Dutta also goes on to consider the very nature of contact itself. According to him, this is determined by the quality of contactees’ lives, particularly the attributes of gentleness and selflessness. ‘We don’t choose you, you choose us,’ say the ‘Venusians.’ Humans can also initiate contact by the intensity of thought alone, but if not sufficiently developed in the spiritual sense, such contactees’ face the possibility of having their circuits blown, as it were, resulting in ego inflation and exposure of personality flaws. Such a fate seems to have befallen more than one of the better known contactees of the 1950s, and 60s. ‘that is why, so it is said, out of the thousands of contacts on the followers and martyrs are known. The real contactees seldom talk.’ (‘Viewpoint’ p. 76)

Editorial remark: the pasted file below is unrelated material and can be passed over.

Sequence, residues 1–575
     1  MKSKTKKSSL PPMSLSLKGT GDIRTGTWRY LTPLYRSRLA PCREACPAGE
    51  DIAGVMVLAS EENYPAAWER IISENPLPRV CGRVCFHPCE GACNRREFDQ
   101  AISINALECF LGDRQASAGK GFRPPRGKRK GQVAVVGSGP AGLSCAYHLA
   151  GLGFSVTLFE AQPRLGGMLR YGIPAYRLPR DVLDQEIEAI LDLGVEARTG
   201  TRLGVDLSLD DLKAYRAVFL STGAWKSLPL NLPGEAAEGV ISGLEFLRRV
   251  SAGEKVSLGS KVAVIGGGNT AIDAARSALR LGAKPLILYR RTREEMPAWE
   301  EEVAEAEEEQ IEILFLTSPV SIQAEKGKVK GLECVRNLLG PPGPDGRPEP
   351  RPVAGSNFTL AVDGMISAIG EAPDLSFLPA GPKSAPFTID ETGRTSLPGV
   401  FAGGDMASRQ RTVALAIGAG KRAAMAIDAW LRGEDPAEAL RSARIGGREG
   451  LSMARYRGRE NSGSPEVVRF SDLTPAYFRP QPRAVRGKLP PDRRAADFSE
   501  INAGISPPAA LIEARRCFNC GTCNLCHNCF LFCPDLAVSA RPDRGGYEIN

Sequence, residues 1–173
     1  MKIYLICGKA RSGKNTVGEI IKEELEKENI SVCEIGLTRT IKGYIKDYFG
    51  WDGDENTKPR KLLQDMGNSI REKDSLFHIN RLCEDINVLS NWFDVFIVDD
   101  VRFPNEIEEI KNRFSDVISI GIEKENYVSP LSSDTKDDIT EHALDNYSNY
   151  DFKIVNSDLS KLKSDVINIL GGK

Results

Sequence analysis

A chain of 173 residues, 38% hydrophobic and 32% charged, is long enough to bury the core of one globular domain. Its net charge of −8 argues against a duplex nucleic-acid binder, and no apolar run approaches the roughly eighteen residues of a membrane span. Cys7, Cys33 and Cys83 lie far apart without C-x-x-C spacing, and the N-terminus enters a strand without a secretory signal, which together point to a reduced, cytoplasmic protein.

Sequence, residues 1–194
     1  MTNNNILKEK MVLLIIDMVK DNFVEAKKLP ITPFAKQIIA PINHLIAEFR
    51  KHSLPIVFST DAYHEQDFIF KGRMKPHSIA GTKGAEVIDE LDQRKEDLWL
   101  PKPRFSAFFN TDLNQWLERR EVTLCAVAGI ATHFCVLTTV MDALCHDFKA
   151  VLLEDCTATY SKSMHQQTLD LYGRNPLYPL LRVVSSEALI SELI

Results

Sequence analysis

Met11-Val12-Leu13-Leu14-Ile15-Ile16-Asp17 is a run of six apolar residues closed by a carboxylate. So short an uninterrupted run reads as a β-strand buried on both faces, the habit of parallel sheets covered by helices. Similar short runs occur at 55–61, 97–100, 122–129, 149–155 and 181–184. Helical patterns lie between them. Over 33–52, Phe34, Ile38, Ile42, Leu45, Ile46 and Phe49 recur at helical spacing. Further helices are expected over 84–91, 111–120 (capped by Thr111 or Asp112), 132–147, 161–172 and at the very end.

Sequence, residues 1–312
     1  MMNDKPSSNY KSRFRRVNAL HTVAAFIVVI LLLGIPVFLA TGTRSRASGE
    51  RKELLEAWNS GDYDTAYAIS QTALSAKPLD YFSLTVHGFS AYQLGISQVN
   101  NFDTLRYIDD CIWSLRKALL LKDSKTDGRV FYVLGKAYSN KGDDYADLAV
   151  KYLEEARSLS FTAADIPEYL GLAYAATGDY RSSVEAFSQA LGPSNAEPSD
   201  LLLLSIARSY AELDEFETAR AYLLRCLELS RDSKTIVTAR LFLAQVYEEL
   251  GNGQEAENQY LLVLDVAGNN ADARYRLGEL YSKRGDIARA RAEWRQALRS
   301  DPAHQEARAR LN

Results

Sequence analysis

Of Dutta’s two books, ‘Viewpoint’ is much more informative, containing all of his basic ideas, to which ‘Message’ adds nothing new most of the latter, in fact, is nothing more than the message of the Theosophical Society as interpreted by the author, rather than the message of the saucers, although Dutta regards them as practically identical. Towards the end of ‘Message’, however, occurs a highly interesting chapter entitled ‘A Flying Saucer Broadcast.’ If genuine, this is possibly a unique event, as far as I am aware. Alleged radio contact with ET’s is not unique per se (see ‘The Saucers Speak’ by George Hunt Williamson) but the format of this particular event probably stands alone. The alleged contact occurred in the context of a panel discussion and subsequent phone-in from listeners conducted by a British radio station in 1971. A call purporting to originate from space was put through to the station, and for certain technical reasons, Dutta, who was a member of the panel, considered to caller to be what he claimed, ie. an ET. Some of the consequent exchange between the alleged ET and station interviewer is fairly banal, along the lines of: Earth is in for a rough time in the immediate future; humanity is immersed in triviality while ignoring important principles etc etc, hardly inspiring or original material. Other comments, however, deserve to be taken more seriously. Consider the following, for example: ‘Evidence of life in outer space is not visible to Earth eyes except the chose few have celestial ability to appertain and to appreciate higher intelligence (sic)’ (‘Message’ p. 81) the alleged ET seems to be saying that humanity as a whole will not begin to encounter ETs until we learn to perceive in higher dimensions. So much for the SETI programme. When asked by the interviewer of ETs exist in the way of normal human beings, the ‘ET’ responded: ‘It’s possible to assume a human appearance. Yes.’ (‘Message’ p. 86) this would seem to corroborate Dutta’s assertion that some ETs can create a physical body around them, alluded to earlier. The interviewer asked several times why ETs don’t proffer more direct and open assistance to humanity. ‘ETs’ replies are most revealing. ‘The first rule of life is that every creature must help himself and use his own intelligence. It is possible sometimes to guide the way but very often guidance is ignored.’ (‘Message’ p. 87) And again: ‘The only way you can be helped is not by doing for you that which you must do for yourself. But possibly by guiding the way. But indirectly, not directly.’ (‘Message’ p. 89) these last two quotes aptly summarise Dutta’s approach to ET contact as a whole. We cannot rely on external intervention to save us, only unobtrusive guidance and our own efforts.